By Lauren Pagel
January 25, 2011
Today, Senator Shaheen (D-NH) introduced the Elimination of Double Subsidies for the Hardrock Mining Industry Act, which would save U.S. taxpayers hundreds of millions of dollars by eliminating an outrageous tax deduction for the mining industry. In an era of budget cuts and calls for increased fiscal responsibility to reduce the federal deficit, giving double subsidies to exceedingly profitable industries is a move in the wrong direction and Senator Shaheen s legislation would finally end this ridiculous corporate tax break.
When you think of mining in the United States, the last thing you probably think of is the tax code. But, a provision in the tax code accounts for one of the largest subsidies received by the mining industry each year. This subsidy has a name that only the IRS could come up with the Percentage Depletion Allowance.
The Percentage Depletion Allowance, or PDA, permits a mining company to deduct a set percentage amount of its gross annual income when calculating its federal income tax, based on the fact that the value of its assets (the minerals in the ground) decline as mineral production progresses.
The PDA applies nationwide to mining operations on private and public lands, and constitutes an exceptional tax break for U.S. mineral producers beyond those granted to other private industries.
By Alan Septoff
January 25, 2011
More than any other single effort, Josh Fox's GASLAND has helped puncture the myth that natural gas is "clean". This movie makes abundantly clear the human costs of irresponsible drilling by telling the stories of real people who have been harmed by it.
When a multibillion dollar industry has its dirty laundry hung out for everyone to see, it fights back. And so it has tried to discredit GASLAND as unfounded environmental hysteria. With this Oscar nomination, we can expect these attacks to increase.
Although you can read a blow-by-blow refutation of these attacks by Josh Fox and a panel of experts, one of industry's main claims is [paraphrasing] "we can't know those people were hurt by drilling -- there's no proof that drilling/hydraulic fracturing harmed their, or anyone's, drinking water".
By Alan Septoff
January 21, 2011
We put out an action alert today, urging people to tell Walmart that its 'Love, Earth' is jewelry greenwash.
Join EARTHWORKS, Great Basin Resource Watch, and the Western Shoshone Defense Project in calling upon Walmart to suspend its 'Love, Earth' brand of jewelry.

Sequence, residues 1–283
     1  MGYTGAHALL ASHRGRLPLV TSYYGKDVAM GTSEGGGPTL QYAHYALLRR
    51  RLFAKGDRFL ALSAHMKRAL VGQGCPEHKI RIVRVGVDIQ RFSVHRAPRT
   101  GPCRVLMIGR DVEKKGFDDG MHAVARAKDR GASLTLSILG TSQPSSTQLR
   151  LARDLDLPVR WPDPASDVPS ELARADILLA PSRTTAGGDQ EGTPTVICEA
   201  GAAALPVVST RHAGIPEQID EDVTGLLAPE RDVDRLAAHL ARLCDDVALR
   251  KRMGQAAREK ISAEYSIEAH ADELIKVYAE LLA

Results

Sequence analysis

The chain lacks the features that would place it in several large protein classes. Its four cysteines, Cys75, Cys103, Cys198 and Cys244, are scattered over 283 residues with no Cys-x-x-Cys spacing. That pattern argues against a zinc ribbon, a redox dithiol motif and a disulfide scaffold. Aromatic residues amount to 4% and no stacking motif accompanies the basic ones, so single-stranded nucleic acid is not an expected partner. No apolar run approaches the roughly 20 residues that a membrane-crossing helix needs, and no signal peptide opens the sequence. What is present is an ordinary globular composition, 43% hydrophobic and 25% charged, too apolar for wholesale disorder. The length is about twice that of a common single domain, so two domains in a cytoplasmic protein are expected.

We've taken these steps only after a good piece of investigative journalism confirmed fears that EARTHWORKS and others have had for years: without independent oversight -- ala FSC-certified wood -- a company's claim of responsibility simply can't be trusted. Or to phrase it more gently (and famously): "trust but verify".
So, please write a letter to Walmart CEO Mike Duke, and let him know that 'Love, Earth" jewelry is loving of neither the earth nor its workers.
January 20, 2011
Last week the EPA stepped into a leadership position by revoking the water permit for the Spruce No. 1 Mine in West Virginia, recognizing that mountaintop removal coal mining causes irreparable damage to America's waterways. This campaign came after years of struggle against the intractable coal industry, and great work from our allies the Ohio Valley Environmental Coalition, Coal River Mountain Watch, Appalachian Voices, Rainforest Action Network, the Sierra Club, and many others.
January 19, 2011
Don t blame me for signing a lease, and you'll never stop the drilling, the man said. There s an old saying: you can t eat the scenery.
Most days, this would have been depressing to hear and just another reason why gas development is running amok. But on this day, the speaker was part of something very positive, a role play on how to talk about the downsides of drilling with reluctant friends and neighbors.
This topic was part of Get Organized: Skills to Protect your Community in the Marcellus Shale, a training held last week in Pittsburgh and Connellsville, PA. Dozens of local residents turned out to learn how to recruit volunteers, generate media coverage, coordinate with other activists, and track problems in communities.
The events were hosted by PennEnvironment (which is planning more such events in the coming months) and co-led by EARTHWORKS, Clean Water Action, Three Rivers Waterkeeper, University of Pittsburgh's Center for Healthy Environments and Communities, and Mountain Watershed Association.